What do Howie Mandel, Justin Timberlake, Richard Branson, Michael Phelps
and Jim Carey have in common? They have all been diagnosed with ADHD.
Knowing that successful people not only cope with ADHD, but use all that
energy and enthusiasm to fuel their careers can be a wonderful motivator
for students and parents. With a few tips from the experts, you can find
an academic solution that helps your students to shine.
Talk to your teachers
This is the most important step in the process. Your teachers will have
experience dealing with ADHD students and they can help to set up a routine
at school and communicate with your student in a way that they both find helpful.
Speak to your teacher about where to place your student in the classroom
to minimize distraction.
Communication is key for your student to get the most out of every class
so make sure that you speak with your teachers regularly to discuss issues
or upcoming assignments and tests.
Try to perform daily tasks at the same time as this helps to focus energy
and gives a pattern to the day that will help you and your student to
stay organized and on top of homework.
Students may seem willful but often they just get distracted when you are
speaking with them. When giving instructions or directions, use concise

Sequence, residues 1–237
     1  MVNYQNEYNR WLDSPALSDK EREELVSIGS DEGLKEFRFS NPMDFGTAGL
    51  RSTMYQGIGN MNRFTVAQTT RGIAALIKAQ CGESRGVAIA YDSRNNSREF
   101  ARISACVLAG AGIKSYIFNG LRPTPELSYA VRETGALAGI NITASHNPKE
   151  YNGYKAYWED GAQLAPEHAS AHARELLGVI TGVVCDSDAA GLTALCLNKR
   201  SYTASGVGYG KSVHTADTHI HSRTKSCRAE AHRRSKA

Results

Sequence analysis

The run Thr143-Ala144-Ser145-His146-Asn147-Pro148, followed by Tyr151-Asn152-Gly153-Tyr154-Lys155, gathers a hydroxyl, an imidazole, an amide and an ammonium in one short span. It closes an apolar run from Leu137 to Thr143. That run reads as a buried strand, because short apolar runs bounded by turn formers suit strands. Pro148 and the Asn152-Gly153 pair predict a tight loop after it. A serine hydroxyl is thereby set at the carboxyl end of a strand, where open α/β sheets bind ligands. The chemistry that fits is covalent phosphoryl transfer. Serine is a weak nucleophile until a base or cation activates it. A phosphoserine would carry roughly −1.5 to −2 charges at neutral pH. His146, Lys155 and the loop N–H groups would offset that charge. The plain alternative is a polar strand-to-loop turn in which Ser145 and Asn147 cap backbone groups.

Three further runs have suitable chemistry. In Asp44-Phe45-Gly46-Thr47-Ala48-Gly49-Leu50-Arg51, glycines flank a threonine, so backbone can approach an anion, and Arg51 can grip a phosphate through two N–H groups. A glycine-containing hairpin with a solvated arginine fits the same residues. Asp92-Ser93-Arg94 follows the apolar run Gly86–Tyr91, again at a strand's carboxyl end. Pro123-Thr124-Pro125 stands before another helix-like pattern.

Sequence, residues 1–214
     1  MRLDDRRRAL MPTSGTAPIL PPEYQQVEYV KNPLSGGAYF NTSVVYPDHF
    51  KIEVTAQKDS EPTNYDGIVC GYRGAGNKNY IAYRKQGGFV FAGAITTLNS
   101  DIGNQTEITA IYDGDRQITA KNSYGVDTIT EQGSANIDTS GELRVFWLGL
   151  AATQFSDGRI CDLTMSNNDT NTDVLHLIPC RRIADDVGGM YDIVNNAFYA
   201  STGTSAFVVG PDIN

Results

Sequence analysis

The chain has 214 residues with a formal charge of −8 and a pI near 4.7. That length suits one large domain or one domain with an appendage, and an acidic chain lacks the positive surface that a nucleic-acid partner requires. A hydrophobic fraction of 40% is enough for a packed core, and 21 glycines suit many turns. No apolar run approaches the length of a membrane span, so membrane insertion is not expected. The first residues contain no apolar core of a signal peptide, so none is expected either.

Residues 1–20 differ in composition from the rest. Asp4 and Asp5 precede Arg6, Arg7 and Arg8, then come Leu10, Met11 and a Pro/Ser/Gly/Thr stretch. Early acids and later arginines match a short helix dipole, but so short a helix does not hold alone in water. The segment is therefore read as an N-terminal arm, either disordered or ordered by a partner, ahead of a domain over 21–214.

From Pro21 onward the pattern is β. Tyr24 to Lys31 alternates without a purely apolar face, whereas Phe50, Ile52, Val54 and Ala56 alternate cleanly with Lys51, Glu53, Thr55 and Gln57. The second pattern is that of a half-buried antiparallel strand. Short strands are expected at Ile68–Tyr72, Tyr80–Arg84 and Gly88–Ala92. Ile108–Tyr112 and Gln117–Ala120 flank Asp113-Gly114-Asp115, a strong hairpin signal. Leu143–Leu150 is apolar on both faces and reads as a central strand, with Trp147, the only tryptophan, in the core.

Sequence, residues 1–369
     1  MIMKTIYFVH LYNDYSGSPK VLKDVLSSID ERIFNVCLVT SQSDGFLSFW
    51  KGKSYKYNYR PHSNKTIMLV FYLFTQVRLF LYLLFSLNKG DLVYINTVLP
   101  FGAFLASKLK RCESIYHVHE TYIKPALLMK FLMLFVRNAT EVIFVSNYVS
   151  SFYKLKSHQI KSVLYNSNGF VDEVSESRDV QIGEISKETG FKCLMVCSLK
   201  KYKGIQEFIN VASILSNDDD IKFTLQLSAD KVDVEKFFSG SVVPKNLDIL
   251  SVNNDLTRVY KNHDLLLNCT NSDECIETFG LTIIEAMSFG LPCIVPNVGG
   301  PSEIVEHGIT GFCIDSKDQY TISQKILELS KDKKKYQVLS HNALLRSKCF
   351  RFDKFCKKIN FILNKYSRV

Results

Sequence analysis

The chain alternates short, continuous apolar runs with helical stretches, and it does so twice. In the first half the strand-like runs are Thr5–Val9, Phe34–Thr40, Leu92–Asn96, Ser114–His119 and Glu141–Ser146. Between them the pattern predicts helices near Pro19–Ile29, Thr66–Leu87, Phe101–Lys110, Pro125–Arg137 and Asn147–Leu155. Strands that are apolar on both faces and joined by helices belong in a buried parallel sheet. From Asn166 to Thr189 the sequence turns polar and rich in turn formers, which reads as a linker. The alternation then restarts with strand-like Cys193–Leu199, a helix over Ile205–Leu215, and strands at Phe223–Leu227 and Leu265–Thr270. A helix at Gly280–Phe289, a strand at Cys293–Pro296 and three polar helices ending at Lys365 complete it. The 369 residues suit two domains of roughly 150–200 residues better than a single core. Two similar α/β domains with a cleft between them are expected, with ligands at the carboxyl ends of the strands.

language and keep it short. Ask your student to repeat instructions to
ensure that they have heard you.
Make sure homework tasks, assignments and upcoming tests and exams are
listed on a schedule that is very accessible. Use a white board in the
kitchen, or a smartphone app or a calendar in the bedroom; anything to
help remind your student of the tasks that need to be completed.
Ensure that the space where your student studies is well lit, quiet and
free from distraction. Ensure that other siblings don’t offer additional
distractions and that there is an environment conducive to learning.
Ensure that your student gets enough sleep or they may have trouble concentrating in class.
Break it down
When students begin to feel overwhelmed by a particularly big task or when
they feel like they have too much to do, help them to break down complex
tasks into smaller, more manageable pieces. Set out a schedule with each
small task written down to show that it’s manageable. Focusing on
small short term goals will help to keep them focused and involved.